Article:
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Marijuana and Cancer

   Consider these facts before you decide to smoke pot.

   There are more cancer-causing agents in marijuana than in any other substance presently known to man.  Crude marijuana contains more carcinogens (one hundred fifty more) and in greater concentration than tobacco.

   One joint deposits four times as much cancer-causing tars in the smoker's airways as does tobacco smoke. Smoking three to five joints a week is equal in harmful effects to smoking 16 cigarettes daily.  Smoking one joint a day is equal to a pack of cigarettes daily. Three joints smoked per week for three to six months carries the same probability of developing lung cancer as smoking a pack of cigarettes daily for 20 to 30 years.

   Because the pot smoker tends to breathe in the smoke more deeply and hold it longer than the tobacco user, greater harm is done to the lungs. Five times as much carbon monoxide (associated with coronary diseases) is inhaled in marijuana smoke as in tobacco smoke.

   Prolonged exposure to marijuana smoke can cause emphysema-like symptoms, cancer of the lungs, mouth, and tongue, and leukemia in children born from marijuana-smoking mothers.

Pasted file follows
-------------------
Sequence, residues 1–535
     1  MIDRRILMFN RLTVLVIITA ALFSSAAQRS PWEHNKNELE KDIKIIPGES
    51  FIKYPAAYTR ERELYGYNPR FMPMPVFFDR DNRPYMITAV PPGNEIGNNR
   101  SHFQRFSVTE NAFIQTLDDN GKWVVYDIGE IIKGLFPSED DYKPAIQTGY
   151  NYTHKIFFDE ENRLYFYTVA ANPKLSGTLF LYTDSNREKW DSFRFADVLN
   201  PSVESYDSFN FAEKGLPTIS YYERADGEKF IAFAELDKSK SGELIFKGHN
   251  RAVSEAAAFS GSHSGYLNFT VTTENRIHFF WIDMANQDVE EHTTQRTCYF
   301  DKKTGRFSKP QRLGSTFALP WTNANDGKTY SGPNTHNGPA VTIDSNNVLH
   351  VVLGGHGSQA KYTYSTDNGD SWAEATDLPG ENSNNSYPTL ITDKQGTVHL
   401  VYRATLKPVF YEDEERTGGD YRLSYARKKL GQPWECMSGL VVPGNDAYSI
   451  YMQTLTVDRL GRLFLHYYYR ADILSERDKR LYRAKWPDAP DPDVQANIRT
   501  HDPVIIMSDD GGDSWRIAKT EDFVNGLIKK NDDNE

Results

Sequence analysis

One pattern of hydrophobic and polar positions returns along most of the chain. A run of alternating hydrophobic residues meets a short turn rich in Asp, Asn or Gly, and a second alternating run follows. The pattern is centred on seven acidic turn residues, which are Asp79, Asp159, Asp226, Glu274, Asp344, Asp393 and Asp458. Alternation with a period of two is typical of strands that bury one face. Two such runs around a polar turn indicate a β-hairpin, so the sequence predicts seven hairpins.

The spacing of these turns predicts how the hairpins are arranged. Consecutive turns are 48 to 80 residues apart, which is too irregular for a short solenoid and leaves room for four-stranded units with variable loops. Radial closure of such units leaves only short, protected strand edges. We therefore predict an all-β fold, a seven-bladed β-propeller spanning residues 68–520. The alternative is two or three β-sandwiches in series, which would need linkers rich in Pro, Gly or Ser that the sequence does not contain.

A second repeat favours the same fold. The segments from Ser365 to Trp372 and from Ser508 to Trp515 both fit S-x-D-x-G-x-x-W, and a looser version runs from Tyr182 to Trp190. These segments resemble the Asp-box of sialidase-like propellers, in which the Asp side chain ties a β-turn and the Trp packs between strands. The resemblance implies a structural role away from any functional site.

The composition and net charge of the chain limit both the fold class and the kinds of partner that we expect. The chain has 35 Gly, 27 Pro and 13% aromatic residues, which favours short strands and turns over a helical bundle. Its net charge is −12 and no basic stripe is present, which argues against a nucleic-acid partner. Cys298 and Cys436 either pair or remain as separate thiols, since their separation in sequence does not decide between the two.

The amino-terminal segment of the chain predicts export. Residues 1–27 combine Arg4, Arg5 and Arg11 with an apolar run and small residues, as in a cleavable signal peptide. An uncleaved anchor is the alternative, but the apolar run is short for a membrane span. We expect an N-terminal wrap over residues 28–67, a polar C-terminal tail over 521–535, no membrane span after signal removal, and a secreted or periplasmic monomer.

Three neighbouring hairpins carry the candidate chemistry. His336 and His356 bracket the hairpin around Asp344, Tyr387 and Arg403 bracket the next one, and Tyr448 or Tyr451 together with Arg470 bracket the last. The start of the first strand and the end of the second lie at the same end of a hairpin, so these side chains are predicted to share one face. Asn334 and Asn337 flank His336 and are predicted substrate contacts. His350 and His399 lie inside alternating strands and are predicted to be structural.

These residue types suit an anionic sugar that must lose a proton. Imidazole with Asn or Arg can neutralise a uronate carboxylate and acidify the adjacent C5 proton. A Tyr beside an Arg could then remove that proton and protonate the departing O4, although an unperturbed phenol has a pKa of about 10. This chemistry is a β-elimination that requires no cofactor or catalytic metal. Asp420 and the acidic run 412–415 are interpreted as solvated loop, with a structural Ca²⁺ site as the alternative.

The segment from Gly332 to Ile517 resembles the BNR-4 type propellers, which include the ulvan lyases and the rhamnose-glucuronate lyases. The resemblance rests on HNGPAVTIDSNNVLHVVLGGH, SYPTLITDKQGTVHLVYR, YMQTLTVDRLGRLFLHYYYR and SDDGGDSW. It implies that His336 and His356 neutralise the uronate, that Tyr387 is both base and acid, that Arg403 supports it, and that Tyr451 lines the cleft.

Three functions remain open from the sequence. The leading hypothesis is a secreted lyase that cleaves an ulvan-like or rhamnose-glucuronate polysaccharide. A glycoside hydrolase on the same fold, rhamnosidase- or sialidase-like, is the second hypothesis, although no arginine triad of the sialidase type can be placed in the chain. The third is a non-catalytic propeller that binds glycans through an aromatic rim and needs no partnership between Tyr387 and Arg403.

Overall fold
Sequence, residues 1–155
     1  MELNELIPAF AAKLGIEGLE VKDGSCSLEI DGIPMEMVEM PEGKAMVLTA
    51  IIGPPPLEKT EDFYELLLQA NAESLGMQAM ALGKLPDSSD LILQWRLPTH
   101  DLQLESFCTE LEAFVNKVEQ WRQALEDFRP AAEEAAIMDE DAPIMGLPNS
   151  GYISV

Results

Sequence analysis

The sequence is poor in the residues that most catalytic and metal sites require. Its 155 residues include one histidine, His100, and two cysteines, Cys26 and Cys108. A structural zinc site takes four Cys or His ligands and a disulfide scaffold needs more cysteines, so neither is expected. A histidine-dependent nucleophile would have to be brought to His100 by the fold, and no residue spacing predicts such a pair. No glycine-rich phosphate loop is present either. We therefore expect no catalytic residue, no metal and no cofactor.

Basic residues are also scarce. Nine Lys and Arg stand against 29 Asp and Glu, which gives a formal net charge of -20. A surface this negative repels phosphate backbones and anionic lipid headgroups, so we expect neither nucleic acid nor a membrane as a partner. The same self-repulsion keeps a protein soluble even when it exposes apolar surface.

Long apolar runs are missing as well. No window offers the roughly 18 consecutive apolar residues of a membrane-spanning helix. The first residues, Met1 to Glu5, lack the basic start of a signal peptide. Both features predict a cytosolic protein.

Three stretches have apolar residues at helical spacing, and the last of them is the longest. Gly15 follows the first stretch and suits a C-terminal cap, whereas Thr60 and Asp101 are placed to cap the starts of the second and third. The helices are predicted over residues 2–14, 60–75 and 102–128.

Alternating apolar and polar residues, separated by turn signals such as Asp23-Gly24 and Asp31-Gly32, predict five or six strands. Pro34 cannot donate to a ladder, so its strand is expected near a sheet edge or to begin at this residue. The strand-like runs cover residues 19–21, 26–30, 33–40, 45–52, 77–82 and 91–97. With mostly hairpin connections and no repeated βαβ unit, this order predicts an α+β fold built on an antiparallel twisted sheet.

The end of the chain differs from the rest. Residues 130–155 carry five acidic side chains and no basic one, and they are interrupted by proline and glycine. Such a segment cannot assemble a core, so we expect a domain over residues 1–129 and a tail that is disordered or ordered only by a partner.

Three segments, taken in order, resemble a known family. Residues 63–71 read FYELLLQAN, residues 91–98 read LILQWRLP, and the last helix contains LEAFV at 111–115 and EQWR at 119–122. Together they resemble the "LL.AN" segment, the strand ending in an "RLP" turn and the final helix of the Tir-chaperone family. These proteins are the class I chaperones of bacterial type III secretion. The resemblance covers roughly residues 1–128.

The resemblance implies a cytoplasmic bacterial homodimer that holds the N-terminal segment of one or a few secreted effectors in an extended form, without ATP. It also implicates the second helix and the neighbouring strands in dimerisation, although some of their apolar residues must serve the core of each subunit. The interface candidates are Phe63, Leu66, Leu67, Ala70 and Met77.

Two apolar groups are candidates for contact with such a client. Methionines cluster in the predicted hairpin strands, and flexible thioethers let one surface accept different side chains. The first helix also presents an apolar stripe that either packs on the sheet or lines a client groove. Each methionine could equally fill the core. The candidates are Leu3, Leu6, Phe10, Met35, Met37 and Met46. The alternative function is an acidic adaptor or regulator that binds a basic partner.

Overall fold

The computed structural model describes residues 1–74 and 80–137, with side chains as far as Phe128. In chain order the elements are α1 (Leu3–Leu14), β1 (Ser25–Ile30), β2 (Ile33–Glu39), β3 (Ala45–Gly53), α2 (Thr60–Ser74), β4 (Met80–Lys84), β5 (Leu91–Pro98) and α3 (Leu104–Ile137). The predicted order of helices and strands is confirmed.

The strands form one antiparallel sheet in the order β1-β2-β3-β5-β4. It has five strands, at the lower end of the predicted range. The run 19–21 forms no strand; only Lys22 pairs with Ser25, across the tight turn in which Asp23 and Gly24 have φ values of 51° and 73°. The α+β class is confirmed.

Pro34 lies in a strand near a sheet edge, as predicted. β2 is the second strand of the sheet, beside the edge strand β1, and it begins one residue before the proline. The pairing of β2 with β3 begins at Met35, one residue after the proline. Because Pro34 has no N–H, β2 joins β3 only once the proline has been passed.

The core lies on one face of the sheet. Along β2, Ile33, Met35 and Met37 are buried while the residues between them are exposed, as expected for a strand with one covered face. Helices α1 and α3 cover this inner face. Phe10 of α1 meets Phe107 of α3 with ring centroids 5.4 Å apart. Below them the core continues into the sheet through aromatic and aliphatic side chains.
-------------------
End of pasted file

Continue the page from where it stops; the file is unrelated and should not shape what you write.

Cases of cancer reported in users in their 20's and 30's include cancer of the mouth, jaw, tongue, larynx, head, neck, and lungs. Normally these cancers would occur between the ages of 55 and 60.

   The American Cancer Society, the Food and Drug Administration, and the American Medical Association have all stated that marijuana has not been shown to be safe or effective as a medicine. Smoked marijuana has not been shown to be superior to other available therapies for the treatment of nausea and vomiting associated with cancer chemotherapy.

   Still think marijuana is a harmless drug?

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